He strode to the prosecution table and lifted a worn brown Bible. He opened it to a page he seemed to know by heart and began to read aloud. (3.17)
Like all lawyers in the book, Carter Ames knows the value of quoting from Bible to win a case. Here he makes sure to drive the point home to the jurors that what he's saying is in the Bible, so it must be right. His assumption that his jurors care about what the Bible teaches shows how important religion is in this town.
As a boy I'd walked past those churches a thousand times. I'd heard the clapping and the fervent amens. Now that had all gotten blended in with a fast-march tempo and the syncopated melody of the old work songs. Mix it all together, speed it up, and somehow, from that corner of the South, down around where Louisiana, Mississippi, and Arkansas meet up, the music came out ragtime. (7.10)
As Ben thinks about what religion meant as a kid, he comes up with this mental picture of church. It's full of happy songs and loud choruses. Religion means something a lot different to him now, but it's interesting to see how exactly this has changed.
"These are papers I've been collecting on the situation: reports of the most horrible occurrences, some police records. Things it's hard for a Christian man to credit. Especially since the perpetrators of these crimes are men who claim to be Christians." (13.12)
President Roosevelt is shocked that Christian men could hang people for no reason. Perhaps that's because the Bible teaches not to kill people. Yet his outrage also shows the hypocrisy in society: even though some men claim to follow the Bible, they are as racist and violent as they come.
We kept far enough back so as not to be seen. I had not been a very religious boy up till then, but I found myself praying for George Pearson to get away. Please, God, I thought, make George run fast. (16.5)
When Ben sees George beaten in the streets as a kid, he prays. Notice how he says he wasn't very religious, but he still thinks about praying because he doesn't have any other options. We're not sure Ben has changed very much when it comes to religion, but we do know he believes some sort of god is out there listening to him.
"Ain't no Jesus," she said. "There ain't no Jesus for me." She wept so terribly I could not hold myself back. I knelt by her in the clearing. (43.11)
One of the many heartbreaking moments in the book is when a woman (Annie) weeps over a body and seemingly has no hope left. Her comment that Jesus isn't there for her strikes Ben as sad because religion is important in this town. But you know what else is important in this town? Hurting Black people all the freaking time. So we get why a Black person might have a crisis of faith.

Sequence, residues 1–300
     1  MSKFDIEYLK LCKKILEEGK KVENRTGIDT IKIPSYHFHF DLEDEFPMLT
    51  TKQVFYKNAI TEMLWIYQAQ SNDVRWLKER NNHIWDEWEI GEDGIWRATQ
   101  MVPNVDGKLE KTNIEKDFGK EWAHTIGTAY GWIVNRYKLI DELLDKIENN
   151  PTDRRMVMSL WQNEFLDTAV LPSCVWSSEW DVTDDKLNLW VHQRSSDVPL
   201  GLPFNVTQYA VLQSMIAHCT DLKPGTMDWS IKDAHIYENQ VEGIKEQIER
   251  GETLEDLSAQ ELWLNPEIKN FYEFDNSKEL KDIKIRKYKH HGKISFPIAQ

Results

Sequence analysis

Part 3, Chapter 44
I have prayed much about this matter, and have spoken to my father about the situation. I should have known. Meg had consulted the one god in her life, the almighty Colonel Wilfred A. Haverbrook, U.S. Army, Ret. (44.14)
The Dear John letter from Meg reveals how Ben's wife thinks of her family and religion. It seems like she cares more about what her dad says than anyone else. Ben doesn't get why he's such a god to her—or why she would take his word over the Bible's, for that matter. It bugs him, to say the least.
"We had slavery when I was a boy. There was nothing wrong with slavery. The local pulpit told us God approved of it. If there were passages in the Bible that disapproved of slavery, they were not read aloud by the pastors." (56.13)
Mark Twain points out that religion and racism aren't mutually exclusive. It might be disturbing to think about, but many pastors didn't say anything against slavery when it was going on. His point? Sometimes religion doesn't have all the answers we need in life.
"The white man killed Hiram!" he hollered again. "But my friends, we are not like the white man! We cannot allow ourselves to be like that. The Bible tells us what to do. Jesus tells us what to do. It's plain to see. We have to do as Jesus did, we have to turn the other cheek." (63.10)
At Hiram's funeral, the pastor reminds the congregation how they should behave. Even though they read the same Bible as the white members of the community, they act much differently—the people from the Quarter seem to actually follow the ideas in the Bible, whereas many of the white folks in Eudora ignore biblical ideals whenever it suits them.
The men stood around in their white sheets with their hoods off, conducting the most ordinary small-town meeting. They discussed the collection of dues, a donation they'd recently made to a widowed young mother, nominations for a committee to represent the local chapter at the county meeting in McComb. (77.19)
How much the Ku Klux Klan resembles a church is a shock to Ben. They seem to genuinely care about their members and their families, and they even take up a collection for the widows, just like some churches do. It's troubling to Ben that an organization that promotes violence and hate (read: the KKK) could be so similar to one that supposedly preaches peace (church).
To my child's eyes the old Pike County Courthouse looked exactly like a church. The second-floor gallery where the colored people got to sit was like the choir loft. The benches below were the pews. And my father stood at the high altar in the front of the room, delivering thunderous sermons and running the whole thing like a very strict minister who happened to wield a hammer instead of a Bible. (97.3)
It's interesting that Ben pictured the courthouse like a church when he was young. So does that make his dad god-like? And if so, whose interpretation of the Bible does he fit into most neatly?